There are Great Truths to be learned in haunted houses.
I was twelve years old when I learned my first Great Truth. Twelve is a particularly good age for haunted houses. Much younger than that and you can’t really appreciate the depth of what’s going on. Much older and you become cynical, jaded by your adolescent omniscience. But at twelve you’ve become aware of all the rotten things the world can do to you, yet you’re still defenseless against most of them. A very good age, twelve.
And of course it was Halloween. Arbor Day doesn’t work well for haunted houses. Neither does Memorial Day, even though we’re supposed to think about the dead then, too. Somehow I have the impression that any ghosts you met in May would be in their military uniforms, with ribbons on their chests. Impressive, maybe (if they were of high enough rank), but not horrifying.
But Halloween, when the trees have changed and the year is shriveled up and dying, that’s a good season for spooks.
Halloween, age twelve. Hey, throw in nighttime for good measure. Stir well.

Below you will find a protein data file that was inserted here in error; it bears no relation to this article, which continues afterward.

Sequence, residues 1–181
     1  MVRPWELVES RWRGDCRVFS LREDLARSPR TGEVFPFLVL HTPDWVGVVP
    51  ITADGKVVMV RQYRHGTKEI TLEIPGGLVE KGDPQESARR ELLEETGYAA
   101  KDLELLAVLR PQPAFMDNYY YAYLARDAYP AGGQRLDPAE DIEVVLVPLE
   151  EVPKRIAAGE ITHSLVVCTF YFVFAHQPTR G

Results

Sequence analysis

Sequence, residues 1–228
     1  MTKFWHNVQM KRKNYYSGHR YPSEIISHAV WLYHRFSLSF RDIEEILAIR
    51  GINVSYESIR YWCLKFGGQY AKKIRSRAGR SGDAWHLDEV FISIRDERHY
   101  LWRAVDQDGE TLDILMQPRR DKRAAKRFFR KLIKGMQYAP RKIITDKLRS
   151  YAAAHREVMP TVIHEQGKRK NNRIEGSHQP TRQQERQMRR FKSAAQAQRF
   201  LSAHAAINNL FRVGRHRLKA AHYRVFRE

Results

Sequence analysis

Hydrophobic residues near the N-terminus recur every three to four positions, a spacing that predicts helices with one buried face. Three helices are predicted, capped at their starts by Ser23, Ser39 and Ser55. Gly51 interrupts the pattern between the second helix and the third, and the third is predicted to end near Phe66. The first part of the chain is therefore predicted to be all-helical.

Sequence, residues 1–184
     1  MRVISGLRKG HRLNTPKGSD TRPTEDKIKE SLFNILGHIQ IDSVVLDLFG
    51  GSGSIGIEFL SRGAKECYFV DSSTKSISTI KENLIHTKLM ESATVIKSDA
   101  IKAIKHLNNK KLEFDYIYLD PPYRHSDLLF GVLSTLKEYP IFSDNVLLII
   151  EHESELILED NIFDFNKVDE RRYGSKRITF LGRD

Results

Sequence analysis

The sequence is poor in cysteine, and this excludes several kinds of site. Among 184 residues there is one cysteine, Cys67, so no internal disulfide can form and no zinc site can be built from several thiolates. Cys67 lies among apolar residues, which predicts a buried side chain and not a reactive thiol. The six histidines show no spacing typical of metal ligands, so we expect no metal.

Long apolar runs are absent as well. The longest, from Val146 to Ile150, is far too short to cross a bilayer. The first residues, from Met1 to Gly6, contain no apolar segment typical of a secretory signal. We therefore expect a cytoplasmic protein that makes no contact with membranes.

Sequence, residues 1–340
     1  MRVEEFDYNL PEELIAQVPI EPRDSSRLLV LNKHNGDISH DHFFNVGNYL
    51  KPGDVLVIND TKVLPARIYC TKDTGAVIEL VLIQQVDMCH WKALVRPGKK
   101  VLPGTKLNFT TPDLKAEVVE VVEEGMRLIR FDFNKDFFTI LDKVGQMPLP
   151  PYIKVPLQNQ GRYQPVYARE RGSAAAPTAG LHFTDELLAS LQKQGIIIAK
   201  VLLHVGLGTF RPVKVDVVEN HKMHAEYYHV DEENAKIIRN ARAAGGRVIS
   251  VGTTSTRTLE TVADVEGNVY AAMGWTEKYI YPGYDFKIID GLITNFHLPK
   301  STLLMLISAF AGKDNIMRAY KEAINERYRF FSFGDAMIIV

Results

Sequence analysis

Santa Barbara, when I was twelve, was one of those in–betweenish sort of places. It hadn’t yet grown into the urban center it is today, but it wasn’t exactly Hicksville, either. It had been settled for quite a while, but there were still large areas of wilderness—or at least, a twelve–year–old’s idea of wilderness.
There was an old Victorian house alone on a hill, deserted. In those days, no one restored Victorian houses. No one painted them pretty colors like the Painted Ladies of San Francisco in the Seventies. If the house was not kept up properly—and most weren’t, since that kind of house requires an army of servants for its upkeep—then it was simply old, an eyesore to be shunned by respectable people.